-Cube the peeled liver (1/2 inch cubes); place the cubed liver in a sauté pan or medium saucepan. Put just enough cold water in the pan to cover the liver. Add half the bell peppers (capsicum) and the peeled clove of garlic into the pan. This will help tame the smell of the liver before you fry it in the spices. Allow the liver to simmer on medium heat for 20-25 minutes. This step helps break down the iron taste and any bloody residue from the liver. Some froth will form over the water. Use a ladle to carefully remove this froth in order to prevent the water in the pan from boiling over. Discard this froth.
-Spoon your liver onto a colander and gently run the colander back and forth under running cold tap water for about 5 minutes. Do not attempt to rub the liver as you do this. Set the colander over a plate or bowl and allow it to drip dry. Discard the clove of garlic. In the meantime, start the masala that you'll cook your liver in.
-In the same pan in which you cooked your liver (with the liquid drained out and only the little bits of liver left at the bottom of the pan), heat the oil over medium heat; add the onions and cook until they are golden and soft (about 5 minutes).
-Add the ginger/garlic paste and allow to cook for about 3 minutes, stirring constantly so the garlic does not burn.
-Add the tomatoes and cook down until they soften, stirring often.
-Add the tomato paste and stir well.
-Crumble in the bouillon cube if you're using it to cook. Stir.
-Add in your spices starting with your turmeric and curry powder. Stir the mixture and allow to cook for 3 minutes before adding the other spices.
-Add the rest of the spices. Keep stirring and let the mixture cook for an additional 3-4 minutes until it is thick and seems to pull together.
-Add in the rest of the bell peppers (capsicum). Stir.
-Add your drained liver into the pan with the spice mixture. Stir well.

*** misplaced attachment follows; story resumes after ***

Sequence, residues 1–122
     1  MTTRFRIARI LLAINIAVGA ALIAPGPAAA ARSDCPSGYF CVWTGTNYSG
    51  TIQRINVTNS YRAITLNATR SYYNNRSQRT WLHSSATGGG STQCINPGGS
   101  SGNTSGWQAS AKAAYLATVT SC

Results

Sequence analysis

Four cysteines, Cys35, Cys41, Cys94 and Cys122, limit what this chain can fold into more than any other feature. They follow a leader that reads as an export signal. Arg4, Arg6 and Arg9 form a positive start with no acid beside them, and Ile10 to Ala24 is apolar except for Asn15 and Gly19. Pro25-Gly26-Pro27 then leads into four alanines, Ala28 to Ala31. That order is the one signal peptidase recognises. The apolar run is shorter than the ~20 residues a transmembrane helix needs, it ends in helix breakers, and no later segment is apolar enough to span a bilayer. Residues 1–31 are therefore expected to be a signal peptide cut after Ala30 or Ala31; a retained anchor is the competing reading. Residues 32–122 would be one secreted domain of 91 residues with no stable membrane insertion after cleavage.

-Gradually add the 3/4 cups of water or beef stock, stirring well. Once it starts bubbling, sprinkle the chopped cilantro in and stir again (remember to reserve some for garnishing). If you're using the cornstarch mixture to thicken your sauce (slurry), this is when you need to add it into the sauce. If you're using Royco, now is the time to add it in (remember to mix it in water first as indicated above).
-Taste the sauce at this point. If you need to add the salt or pepper, now is the time to do it.
-If the liquid boils off before the liver is cooked thoroughly, add additional water or broth. Cover the pan and reduce the heat to medium-low. Allow the liver to simmer for 25-30 minutes. The liver is done when it is no longer pink or red in the center. You want a nice, thick sauce for the liver.
-Right before serving, sprinkle the cooked liver with the reserved chopped cilantro to garnish. Serve hot. You're welcome! :)
-This liver goes well with any of the following starches:
Ugali, rice, mashed potatoes, chapati, or mukimo.
-Serve with a side of the following vegetables:
Skuma wiki, spinach or even kachumbari (see earlier posts for all the highlighted recipes).
I served mine with some ugali and Skuma wiki. Delicious!